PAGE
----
In the Garden
By Heather A. Clemenson
A cautionary tale
Plant sales are an excellent way of supporting local garden clubs and other community organizations. They provide good bargains and sometimes unusual plants can be bought at exceptionally low prices. In addition, locally sourced plants almost guarantee that your purchase will grow in your garden if the conditions are similar. I enjoy visiting plant sales and purchasing plant varieties that I might not have seen
before or previously tried in my garden. However, a note of caution, make sure that you know what you are buying.
Many years ago, when we were new to our garden in Ottawa, we visited a local garden club plant sale. Among the donated plants, a few small pots of seedlings were identified as “prairie orchids.” They looked rather like a type of Impatiens plant. I was told they would grow to five to six feet high and with lovely pink flowers. I bought three and planted them in a section of a very narrow garden around part of our high deck. They flourished in the sun throughout the summer, growing more than six feet tall and making a lovely wall of plant material with pink purple flowers that covered one side of the deck railing. Later in the summer, when the flowers went to seed, they provided interesting entertainment. If touched, even delicately, a seed pod would explode, sending a small shower of pinhead-sized seeds into the air.
That fall, I visited my parents, who lived in a village overlooking the Teifi River in southwest Wales. To my astonishment, the riverbanks were lined with the same plants as I had growing around the deck at home. It was in Wales that I learned these plants were extremely invasive. Back home, I had been growing Himalayan balsam, a plant that is now illegal to grow in the U.K.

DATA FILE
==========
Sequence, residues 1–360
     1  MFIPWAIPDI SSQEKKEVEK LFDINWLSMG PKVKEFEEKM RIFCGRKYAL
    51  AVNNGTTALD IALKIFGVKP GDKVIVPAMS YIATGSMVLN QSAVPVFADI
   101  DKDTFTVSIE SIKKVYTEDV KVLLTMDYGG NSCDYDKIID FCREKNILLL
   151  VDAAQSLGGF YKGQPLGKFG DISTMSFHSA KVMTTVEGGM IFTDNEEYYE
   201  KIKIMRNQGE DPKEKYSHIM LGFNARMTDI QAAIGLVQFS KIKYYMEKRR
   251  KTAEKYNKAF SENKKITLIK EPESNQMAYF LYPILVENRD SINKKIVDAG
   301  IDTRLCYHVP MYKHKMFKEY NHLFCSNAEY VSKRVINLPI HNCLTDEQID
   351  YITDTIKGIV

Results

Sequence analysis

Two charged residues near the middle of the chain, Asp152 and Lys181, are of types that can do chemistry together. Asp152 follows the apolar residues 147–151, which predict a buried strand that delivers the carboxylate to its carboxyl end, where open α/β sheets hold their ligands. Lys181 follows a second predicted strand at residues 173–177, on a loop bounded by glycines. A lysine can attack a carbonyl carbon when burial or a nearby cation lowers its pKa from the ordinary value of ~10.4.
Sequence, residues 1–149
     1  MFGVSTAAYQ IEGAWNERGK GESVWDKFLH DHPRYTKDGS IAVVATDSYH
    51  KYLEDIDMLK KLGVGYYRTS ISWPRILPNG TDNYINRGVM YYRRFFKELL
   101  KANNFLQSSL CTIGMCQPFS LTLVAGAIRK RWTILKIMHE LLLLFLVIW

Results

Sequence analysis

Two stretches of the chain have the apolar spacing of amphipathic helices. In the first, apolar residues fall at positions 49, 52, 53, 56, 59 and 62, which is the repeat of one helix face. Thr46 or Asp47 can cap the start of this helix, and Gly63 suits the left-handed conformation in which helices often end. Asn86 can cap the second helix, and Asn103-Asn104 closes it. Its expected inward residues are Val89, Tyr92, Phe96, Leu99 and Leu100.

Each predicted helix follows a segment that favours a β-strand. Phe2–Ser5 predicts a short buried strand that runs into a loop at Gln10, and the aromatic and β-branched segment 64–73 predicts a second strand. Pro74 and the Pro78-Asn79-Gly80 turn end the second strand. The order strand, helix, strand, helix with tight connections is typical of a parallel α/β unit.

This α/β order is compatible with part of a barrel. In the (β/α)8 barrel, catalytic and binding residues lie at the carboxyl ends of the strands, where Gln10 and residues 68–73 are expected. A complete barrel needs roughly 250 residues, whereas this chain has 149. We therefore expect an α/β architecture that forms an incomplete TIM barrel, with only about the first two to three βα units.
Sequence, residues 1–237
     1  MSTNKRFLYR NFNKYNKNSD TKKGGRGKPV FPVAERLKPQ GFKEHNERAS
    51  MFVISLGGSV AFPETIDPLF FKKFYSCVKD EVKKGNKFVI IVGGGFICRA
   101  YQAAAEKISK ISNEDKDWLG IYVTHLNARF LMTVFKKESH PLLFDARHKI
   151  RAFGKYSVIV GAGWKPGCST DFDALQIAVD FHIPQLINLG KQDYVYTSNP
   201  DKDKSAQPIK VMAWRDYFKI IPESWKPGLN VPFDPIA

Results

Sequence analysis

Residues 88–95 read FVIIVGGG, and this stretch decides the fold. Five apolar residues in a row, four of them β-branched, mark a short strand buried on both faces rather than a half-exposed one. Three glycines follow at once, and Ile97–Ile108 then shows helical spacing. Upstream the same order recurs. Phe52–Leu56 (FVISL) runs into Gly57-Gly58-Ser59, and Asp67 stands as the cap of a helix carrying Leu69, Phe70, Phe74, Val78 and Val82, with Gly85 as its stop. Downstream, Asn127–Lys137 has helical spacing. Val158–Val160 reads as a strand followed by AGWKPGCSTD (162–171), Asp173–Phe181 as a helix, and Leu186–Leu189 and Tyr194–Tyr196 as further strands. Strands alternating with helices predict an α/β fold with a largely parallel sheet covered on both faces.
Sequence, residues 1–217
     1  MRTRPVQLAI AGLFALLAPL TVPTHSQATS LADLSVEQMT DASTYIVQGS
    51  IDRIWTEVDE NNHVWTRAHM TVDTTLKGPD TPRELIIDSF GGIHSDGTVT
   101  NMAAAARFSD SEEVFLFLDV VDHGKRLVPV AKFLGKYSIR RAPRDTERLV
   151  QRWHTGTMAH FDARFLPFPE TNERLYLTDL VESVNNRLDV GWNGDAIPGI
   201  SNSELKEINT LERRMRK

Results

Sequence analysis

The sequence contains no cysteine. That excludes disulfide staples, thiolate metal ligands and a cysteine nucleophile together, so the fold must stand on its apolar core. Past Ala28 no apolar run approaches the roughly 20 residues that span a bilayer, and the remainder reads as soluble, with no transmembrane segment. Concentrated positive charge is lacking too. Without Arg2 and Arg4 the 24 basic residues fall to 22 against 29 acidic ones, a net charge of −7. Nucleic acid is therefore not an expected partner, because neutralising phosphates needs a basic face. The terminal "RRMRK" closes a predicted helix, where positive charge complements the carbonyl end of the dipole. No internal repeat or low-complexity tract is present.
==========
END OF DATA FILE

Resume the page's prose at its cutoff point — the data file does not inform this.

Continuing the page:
I was correct in assuming that the plant looked somewhat like Impatiens. Its botanical name is Impatiens glandulifera, and it is an annual
herb native to the western Himalayas. The seeds can survive very cold winters. The plant has several common names, including“touchme-not,” and in the U.K., “policeman’s helmet,” which describes the shape of the pink flowers. It was first introduced into the U.K. in 1839 as a garden plant, and as a prodigious bearer of seeds that could be purchased at low cost, it became a popular plant known as the “poor man’s orchid.”
On our return to Canada, I removed the plants in question from the garden bed. The following spring, hundreds of small Himalayan balsam seedlings appeared throughout the small deck garden and in the adjacent lawn at the side of the house. Fortunately, the seedlings are easy to identify and remove. I no longer have Himalayan balsam in my garden.
Himalayan balsam is listed as an invasive plant in Ontario. It is particularly found along riverbanks, in ditches and in wetland areas. It has not had the publicity that other invasive plants have had, such as purple loosestrife (Lythrum salicaria), Japanese knotweed (Fallopia japonica) and“dog strangling vine,” either black swallow-wort (Cynanchum louiseae) or pale swallow-wort (Cynanchum rossicum).
While these invasive plants are usually considered as weeds and are not generally sold commercially, many other plants that are sold at local plant sales and commercial garden centres are also deemed to be invasive. Two such plants, lily-of-the-valley (Convallaria majalis) and periwinkle (Vinca minor), both non-native to Eastern Ontario, can be found in my garden and have been there for many years. Both were bought at local plant sales early in the evolution of my garden.